April 2, 2015

The Gospel Today

Holy Thursday – Evening Mass of the Lord’s Supper

John 13:1-15

Before the feast of Passover, Jesus knew that his hour had come
to pass from this world to the Father.
He loved his own in the world and he loved them to the end.
The devil had already induced Judas, son of Simon the Iscariot, to hand him over.
So, during supper,
fully aware that the Father had put everything into his power
and that he had come from God and was returning to God,
he rose from supper and took off his outer garments.
He took a towel and tied it around his waist.
Then he poured water into a basin
and began to wash the disciples’ feet
and dry them with the towel around his waist.
He came to Simon Peter, who said to him,
“Master, are you going to wash my feet?”
Jesus answered and said to him,
“What I am doing, you do not understand now,
but you will understand later.”
Peter said to him, “You will never wash my feet.”
Jesus answered him,
“Unless I wash you, you will have no inheritance with me.”
Simon Peter said to him,
“Master, then not only my feet, but my hands and head as well.”
Jesus said to him,
“Whoever has bathed has no need except to have his feet washed,
for he is clean all over;
so you are clean, but not all.”
For he knew who would betray him;
for this reason, he said, “Not all of you are clean.”

So when he had washed their feet
and put his garments back on and reclined at table again,
he said to them, “Do you realize what I have done for you?
You call me ‘teacher’ and ‘master,’ and rightly so, for indeed I am.
If I, therefore, the master and teacher, have washed your feet,
you ought to wash one another’s feet.
I have given you a model to follow,
so that as I have done for you, you should also do.”

Reflection (Sem. Ivan Joseph F. Feniquito):

To share a meal is always a great time especially with my family – my dad, mom and sister. Before entering the seminary, we always gather together in the dining area to celebrate the company of one another. I remember that during meals, we would not eat until we were complete especially during breakfast and dinner. My mom used to cook food for us as we shared the food as a blessing from the Lord, the Source of all goodness. At table, we were happy eating frugal foods with one viand, rice and fruits. There were times that the left-over foods were served for lunch or dinner. I believe that during meal, it is not about the food, it is more than that, for we share the presence and love of each other, thus giving thanks to the Lord for the graces and gifts He has given to our family.

When I entered the seminary, I know that being with my family in the dining table would be impossible. It can only be possible during the semestral, Christmas or summer breaks, that is why, other than serving in the parish, I give quality time with my family especially during meals – breakfast, lunch and dinner. But still, even if I am not with my family right now, I realize what sustains me in my life are the memories we had together as one family. In the seminary, we eat in the refectory as a big family!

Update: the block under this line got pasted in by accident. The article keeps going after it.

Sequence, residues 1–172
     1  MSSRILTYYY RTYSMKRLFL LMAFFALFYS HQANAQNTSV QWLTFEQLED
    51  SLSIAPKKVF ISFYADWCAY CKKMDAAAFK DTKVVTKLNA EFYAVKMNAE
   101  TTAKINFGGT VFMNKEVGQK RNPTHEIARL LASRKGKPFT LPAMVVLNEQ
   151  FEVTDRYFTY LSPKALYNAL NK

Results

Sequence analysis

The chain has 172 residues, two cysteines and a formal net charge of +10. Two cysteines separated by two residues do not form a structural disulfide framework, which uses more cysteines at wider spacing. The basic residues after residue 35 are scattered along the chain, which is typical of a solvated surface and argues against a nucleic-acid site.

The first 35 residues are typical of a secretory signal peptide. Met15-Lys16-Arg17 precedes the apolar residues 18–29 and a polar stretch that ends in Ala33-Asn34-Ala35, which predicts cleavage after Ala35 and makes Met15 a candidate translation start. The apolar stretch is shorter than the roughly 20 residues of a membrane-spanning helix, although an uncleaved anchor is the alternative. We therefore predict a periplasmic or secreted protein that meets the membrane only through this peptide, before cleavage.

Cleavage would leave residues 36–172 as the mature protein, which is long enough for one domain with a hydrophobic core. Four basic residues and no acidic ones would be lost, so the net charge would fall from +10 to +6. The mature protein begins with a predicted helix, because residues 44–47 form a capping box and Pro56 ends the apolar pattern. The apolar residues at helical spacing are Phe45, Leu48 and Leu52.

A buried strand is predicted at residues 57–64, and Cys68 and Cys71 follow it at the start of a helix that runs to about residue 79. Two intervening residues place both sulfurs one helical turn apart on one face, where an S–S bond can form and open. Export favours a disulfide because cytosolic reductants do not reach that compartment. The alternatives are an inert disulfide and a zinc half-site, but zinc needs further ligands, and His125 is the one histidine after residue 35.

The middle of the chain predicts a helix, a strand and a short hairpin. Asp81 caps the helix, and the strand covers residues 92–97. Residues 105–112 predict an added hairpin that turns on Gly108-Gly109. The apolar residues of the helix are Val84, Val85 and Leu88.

The Gospel for today brings the memory of the Last Supper of Jesus with His friends (family). It is like we celebrate our reunion of sort and try to relive the experience. In fact, we celebrate the Last Supper as we participate in the celebration of the Eucharist, not only during Holy Thursday, but every time we attend the Mass.

The Gospel invites me to remember Jesus as He gives an example of what humble and selfless service is all about. We all know that the memory is all we have of that great act of love that led to His death. I believe that being a witness and living out the message of the Gospel today is the best way to remember that same love and keep it alive.

In the seminary, we celebrate the Mass every day. It is a great blessing to me to participate in the Holy Sacrifice of the Mass as I hear the Word of God and partake in the Body and Blood of Christ with the community. A question dawns on me about the genuineness of my participation in the Mass. I ask myself if I really have a genuine relationship with Him to look back to and to reminisce or I find myself kissing Him again in betrayal as I fall into sin sometimes after the celebration of the Mass?

Jesus asked the disciples, “Do you realize what I have done for you?” We can ask ourselves, “Do we really understand what He did for us?” As we continue our life, let us examine our conscience if we are really obeying Jesus as our Teacher. He had given a model of acting towards holiness. The challenge for us is to accept wholeheartedly what Jesus had done for us – the blessings, graces that we receive in our life and as we always participate in the celebration of the Eucharist. What have we become? Have we become a genuine follower of Christ? If not, I believe that it is not yet too late to heed the call of Jesus towards holiness and believe and share the Gospel in our words and deeds.

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